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Hopsteiner

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Thanks, its been quite a project. It is finished at this point. Ive got a few more posts detailing the construction.
 

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In this project, once you put the collet body on the spindle, you need a way to remove it. This is part of the project, I wasn’t looking forward to making. It didn’t have any technical problems I had to solve. Just basically straight forward turning. But why not do the best job, I possibly can. I like making something out of nothing. I have a bunch of brass from an estate sale. You never know what you’re going to find at one of these. Pennies on the dollar. The last photo shows the turning of the handle. Well, if you turn it, you’ve got to knurl it. The next photo shows roughing out the ’business” end of the handle. The last photo shows the completed handle and how it is used.
 

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Hopsteiner

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In this project, once you put the collet body on the spindle, you need a way to remove it. This is part of the project, I wasn’t looking forward to making. It didn’t have any technical problems I had to solve. Just basically straight forward turning. But why not do the best job, I possibly can. I like making something out of nothing. I have a bunch of brass from an estate sale. You never know what you’re going to find at one of these. Pennies on the dollar. The last photo shows the turning of the handle. Well, if you turn it, you’ve got to knurl it. The next photo shows roughing out the ’business” end of the handle. The last photo shows the completed handle and how it is used.
 

Hopsteiner

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This is a picture of all the parts for the 5C collet closer. The small round piece in the center with the small brass handle holds the collet and allows you to thread the part stop into the collet. This stop is for repetitive parts. Don’t know if I’ll ever use it. But there it is. The next photo shows me indicating a 5C collet. I mentioned earlier in the build about the method i used to set the compound precisely. Well, the build was completed, the moment of truth. Have I achieved accuracy. It’s a relative term. Your three jaw is maybe within three thou, maybe closer. Well all this work and I had achieved 1 1/2 thousands concentricity. Where had I gone wrong. I need better. Im not building watches but.... When you have a problem sometimes its best to step back and think. Well, I had bought a tool post grinder about a year ago. Hadn’t used it yet. It’s a guy thing, you never know when.... Well, when had arrived, with much trepidation I must add. I’ve got three months in this project and this is the most important step. The third picture shows me dressing the wheel. I’ve set the compound. Just maybe 10 degrees Chinese is not 10 degrees American. Just maybe. Well,I started to lightly touch off on the taper. i was stunned. My heavy boring bar had ”sprung’ when I was cutting, even with light cuts. The final result of internal grinding yielded 2-10ths concentricity. More than adequate for a “hammer mechanic“ like me. This completes my journey and project. Thanks for looking. My next overlooked project is wiring my Round Ram Bridgeport so I can use it. I’m tired of using my Atlas milling attachment.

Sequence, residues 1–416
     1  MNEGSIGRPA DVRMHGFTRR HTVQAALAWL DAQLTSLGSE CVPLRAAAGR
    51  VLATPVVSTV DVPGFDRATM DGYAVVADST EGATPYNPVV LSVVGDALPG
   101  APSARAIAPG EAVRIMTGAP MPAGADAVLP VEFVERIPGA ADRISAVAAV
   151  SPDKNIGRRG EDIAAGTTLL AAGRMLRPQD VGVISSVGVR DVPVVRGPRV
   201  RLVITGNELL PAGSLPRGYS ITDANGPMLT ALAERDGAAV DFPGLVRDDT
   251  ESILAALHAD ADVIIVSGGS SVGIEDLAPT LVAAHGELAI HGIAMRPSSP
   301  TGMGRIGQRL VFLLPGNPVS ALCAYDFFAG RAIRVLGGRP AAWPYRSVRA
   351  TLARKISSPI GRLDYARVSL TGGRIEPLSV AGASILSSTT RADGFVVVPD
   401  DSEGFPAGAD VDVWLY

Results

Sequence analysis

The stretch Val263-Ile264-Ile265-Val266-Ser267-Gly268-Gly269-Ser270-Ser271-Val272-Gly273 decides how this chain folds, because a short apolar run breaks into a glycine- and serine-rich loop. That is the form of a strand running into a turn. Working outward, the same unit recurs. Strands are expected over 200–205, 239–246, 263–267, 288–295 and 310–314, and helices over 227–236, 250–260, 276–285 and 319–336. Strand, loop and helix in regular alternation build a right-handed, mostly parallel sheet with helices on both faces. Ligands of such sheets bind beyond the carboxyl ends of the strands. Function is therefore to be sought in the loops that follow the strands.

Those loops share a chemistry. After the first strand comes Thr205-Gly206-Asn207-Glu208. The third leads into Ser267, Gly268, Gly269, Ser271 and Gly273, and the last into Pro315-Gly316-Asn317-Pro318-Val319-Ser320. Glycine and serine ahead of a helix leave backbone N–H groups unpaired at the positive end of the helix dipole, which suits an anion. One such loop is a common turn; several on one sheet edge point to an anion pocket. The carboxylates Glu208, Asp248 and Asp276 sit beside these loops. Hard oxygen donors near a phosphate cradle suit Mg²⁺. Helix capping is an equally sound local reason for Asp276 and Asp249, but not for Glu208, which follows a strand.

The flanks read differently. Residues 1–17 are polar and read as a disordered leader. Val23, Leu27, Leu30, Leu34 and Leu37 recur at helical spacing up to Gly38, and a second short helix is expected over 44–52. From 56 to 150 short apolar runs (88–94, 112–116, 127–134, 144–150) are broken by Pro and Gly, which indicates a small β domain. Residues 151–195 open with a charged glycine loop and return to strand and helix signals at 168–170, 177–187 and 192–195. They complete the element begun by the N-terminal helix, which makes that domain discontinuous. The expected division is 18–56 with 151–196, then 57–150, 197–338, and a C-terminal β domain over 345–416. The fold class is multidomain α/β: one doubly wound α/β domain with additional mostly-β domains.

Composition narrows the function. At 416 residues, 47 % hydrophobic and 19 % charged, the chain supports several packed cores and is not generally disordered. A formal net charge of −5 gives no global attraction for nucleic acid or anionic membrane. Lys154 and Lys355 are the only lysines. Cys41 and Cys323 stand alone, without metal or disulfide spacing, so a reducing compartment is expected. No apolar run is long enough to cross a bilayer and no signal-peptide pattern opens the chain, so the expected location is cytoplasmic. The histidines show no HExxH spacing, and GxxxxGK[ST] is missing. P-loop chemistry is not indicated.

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RonW

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Hi hopsteiner, what make is your grinder? A few pictures of the unit itself would be nice. Most of the tool post grinders I've seen are huge and not terribly practical in a small shop setting. Yours looks a reasonable size. I see it's made in the US.
Congratulations on a good build. I'm just mounting a Chinese scroll type 5C but running into problems with one of the pinions jamming when you wind them in. There's a sharp bit some where that's catching. Just need to find it.
RonW
 

Hopsteiner

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Ron, it’s a Themac 40. I bought for $375 at the North American Model Exposition In Wyandott, MI. They didn’t hold it this year. If you’ve never attended, its worth going. You’ll be stunned at what these guys make, amazing. You see them on ebay occasionally. I bought the diamond dresser separate on ebay. You have to have one, $20 bucks. I just attached it to my 3 jaw To dress the wheel. This a very well made unit from the 50’s or 60’s. Hope this helps. Oh, by the way, use a pair of cut up blue jeans to protect your lathe from the grit.
 

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Hopsteiner

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It’s always interesting trying to sort a problem with something you’ve just bought. Hope you can take it apart, use dye chem to find the offending part. Regards
 

RonW

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Ron, it’s a Themac 40. I bought for $375 at the North American Model Exposition In Wyandott, MI. They didn’t hold it this year. If you’ve never attended, its worth going. You’ll be stunned at what these guys make, amazing. You see them on ebay occasionally. I bought the diamond dresser separate on ebay. You have to have one, $20 bucks. I just attached it to my 3 jaw To dress the wheel. This a very well made unit from the 50’s or 60’s. Hope this helps. Oh, by the way, use a pair of cut up blue jeans to protect your lathe from the grit.
Thanks Hopsteiner, I just looked up their website and they still make them. Yours now sells for $2165. I think you got a bargain.
RonW